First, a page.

Categories: AstronomyBrown Dwarf

It’s Freezing on the Surface of this Nearby Star-like Object

Our stellar neighborhood just got a little busier … and a little colder.

A brown dwarf that’s as frosty as the Earth’s North Pole has been discovered lurking incredibly close to our Solar System. Astronomer Keven Luhman from Pennsylvania State University used NASA’s Wide-field Infrared Survey Explorer (WISE) and the Spitzer Space Telescope to pinpoint the object’s temperature and distance. This is the coldest brown dwarf found so far, and it’s a mere 7.2 light-years away, making it the seventh closest star-like object to the Sun.

“It is very exciting to discover a new neighbor of our Solar System that is so close,” said Luhman in a press release.

Brown dwarfs emerge when clouds of gas and dust collapse. But unlike stars, they never grow dense enough or burn hot enough to ignite nuclear fusion in their cores. They live their lives less massive than stars, but more massive than gas giants. So they burn hot at first, then cool over time. And this newly discovered brown dwarf is as cold as ice. Literally.

WISE surveyed the entire sky twice in its short 14-month lifetime, looking at cooler objects, which radiate in infrared light (but often remain invisible in visible light). It saw cold asteroids, dust clouds, proto-planetary disks, distant galaxies and hundreds of brown dwarfs.

But one of these objects — dubbed WISE J085510.83-071442.5 — was moving rapidly, suggesting it was extremely close to the Solar System. All stars orbit around the Milky Way, with apparent motions seen on the timescale of hundreds of years. Stars close to the Sun, however, can be seen to make the slightest of movements on the timescale of just a few years. This object appeared to move in just a few months.

Click on the image above to see an animation of WISE J085510.83-071442.5. It was first seen in two infrared images taken six months apart in 2010 by WISE (see orange triangles). Two additional images of the object were taken with NASA’s Spitzer Space Telescope in 2013 and 2014 (green triangles). Image credit: NASA/JPL-Caltech/Penn State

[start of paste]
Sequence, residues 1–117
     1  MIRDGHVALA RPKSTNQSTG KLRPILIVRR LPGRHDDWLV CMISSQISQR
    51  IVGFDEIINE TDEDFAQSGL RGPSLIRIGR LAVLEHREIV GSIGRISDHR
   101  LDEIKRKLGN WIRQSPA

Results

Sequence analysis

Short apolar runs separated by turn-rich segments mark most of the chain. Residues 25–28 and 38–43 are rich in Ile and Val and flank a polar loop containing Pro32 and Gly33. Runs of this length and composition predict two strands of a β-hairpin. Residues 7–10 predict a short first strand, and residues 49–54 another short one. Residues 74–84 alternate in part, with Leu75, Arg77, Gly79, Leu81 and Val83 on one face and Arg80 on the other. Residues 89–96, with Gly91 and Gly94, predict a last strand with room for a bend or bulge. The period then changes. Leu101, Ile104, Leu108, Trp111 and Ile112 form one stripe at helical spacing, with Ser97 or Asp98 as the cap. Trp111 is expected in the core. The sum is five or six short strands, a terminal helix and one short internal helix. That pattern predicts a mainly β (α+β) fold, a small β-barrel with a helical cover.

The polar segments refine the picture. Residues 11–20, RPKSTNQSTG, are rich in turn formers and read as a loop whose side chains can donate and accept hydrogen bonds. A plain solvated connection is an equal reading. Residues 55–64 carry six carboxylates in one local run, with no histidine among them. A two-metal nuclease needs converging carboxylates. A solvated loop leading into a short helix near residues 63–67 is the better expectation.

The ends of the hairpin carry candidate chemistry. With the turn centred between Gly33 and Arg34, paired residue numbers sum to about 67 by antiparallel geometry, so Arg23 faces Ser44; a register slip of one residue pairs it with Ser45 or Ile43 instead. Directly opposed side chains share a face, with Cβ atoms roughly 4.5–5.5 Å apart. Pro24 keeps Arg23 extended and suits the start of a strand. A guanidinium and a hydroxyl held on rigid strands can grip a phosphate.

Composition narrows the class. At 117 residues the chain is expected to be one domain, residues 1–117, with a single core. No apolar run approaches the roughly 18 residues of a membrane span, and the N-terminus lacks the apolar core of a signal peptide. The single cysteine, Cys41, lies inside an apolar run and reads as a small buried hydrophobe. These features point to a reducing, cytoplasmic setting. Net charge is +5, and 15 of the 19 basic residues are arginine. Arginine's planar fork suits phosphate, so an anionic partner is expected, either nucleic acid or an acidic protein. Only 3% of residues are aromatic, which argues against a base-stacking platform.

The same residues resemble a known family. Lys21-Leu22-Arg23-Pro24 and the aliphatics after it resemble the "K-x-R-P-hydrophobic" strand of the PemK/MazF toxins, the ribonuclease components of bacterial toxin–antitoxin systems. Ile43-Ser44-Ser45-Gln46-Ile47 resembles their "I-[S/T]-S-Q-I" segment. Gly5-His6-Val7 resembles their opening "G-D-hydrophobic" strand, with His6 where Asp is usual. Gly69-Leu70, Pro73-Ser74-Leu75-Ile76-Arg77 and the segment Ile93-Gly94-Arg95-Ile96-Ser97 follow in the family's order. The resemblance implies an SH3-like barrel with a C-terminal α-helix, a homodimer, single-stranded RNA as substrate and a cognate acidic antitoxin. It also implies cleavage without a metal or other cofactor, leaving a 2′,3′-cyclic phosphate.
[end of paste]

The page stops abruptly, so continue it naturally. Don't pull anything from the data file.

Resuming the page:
After first spotting this wacky object in the WISE data, Luhman analyzed additional images taken with the Spitzer Space Telescope and the Gemini South Pole Telescope in Chile. The combined detections taken from different positions around the Sun enabled the measurement of the objects parallax — the apparent position of the object against a background set of stars as seen along multiple lines of sight — allowing Luhman to determine the objects distance.

Spitzer’s additional observations helped pin down the objects chilly temperature, which can be determined based on how much light it gives off in different colors. Like a flame, the hottest part is blue, while the coldest part is red. Luhman found the brown dwarfs temperature to be between –54° and 9° Fahrenheit (–48° to –13° Celsius). Previous record-holders for the coldest brown dwarfs were about room temperature.

“It is remarkable that even after many decades of studying the sky, we still do not have a complete inventory of the Sun’s nearest neighbors,” said Michael Werner from NASA’s Jet Propulsion Laboratory. “This exciting new result demonstrates the power of exploring the universe using new tools, such as the infrared eyes of WISE and Spitzer.”

With a stretch of the imagination and advanced technology, it’s possible that other cooler objects, be them brown dwarfs of even rogue exoplanets, are yet closer to the Sun.

The paper will be published in the Astrophysics Journal and is available for download here.

Shannon Hall

Shannon Hall is a freelance science journalist. She holds two B.A.'s from Whitman College in physics-astronomy and philosophy, and an M.S. in astronomy from the University of Wyoming. Currently, she is working toward a second M.S. from NYU's Science, Health and Environmental Reporting program. You can follow her on Twitter @ShannonWHall.

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